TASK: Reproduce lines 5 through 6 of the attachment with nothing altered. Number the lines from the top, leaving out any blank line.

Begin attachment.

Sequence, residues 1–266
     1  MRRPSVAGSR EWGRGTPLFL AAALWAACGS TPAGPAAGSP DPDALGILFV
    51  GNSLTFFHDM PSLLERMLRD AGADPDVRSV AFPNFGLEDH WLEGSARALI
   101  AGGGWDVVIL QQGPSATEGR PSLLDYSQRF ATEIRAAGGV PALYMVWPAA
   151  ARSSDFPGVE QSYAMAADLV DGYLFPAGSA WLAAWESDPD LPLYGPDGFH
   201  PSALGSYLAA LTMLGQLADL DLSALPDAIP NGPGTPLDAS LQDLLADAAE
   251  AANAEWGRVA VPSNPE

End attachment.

   151  ARSSDFPGVE QSYAMAADLV DGYLFPAGSA WLAAWESDPD LPLYGPDGFH
   201  PSALGSYLAA LTMLGQLADL DLSALPDAIP NGPGTPLDAS LQDLLADAAE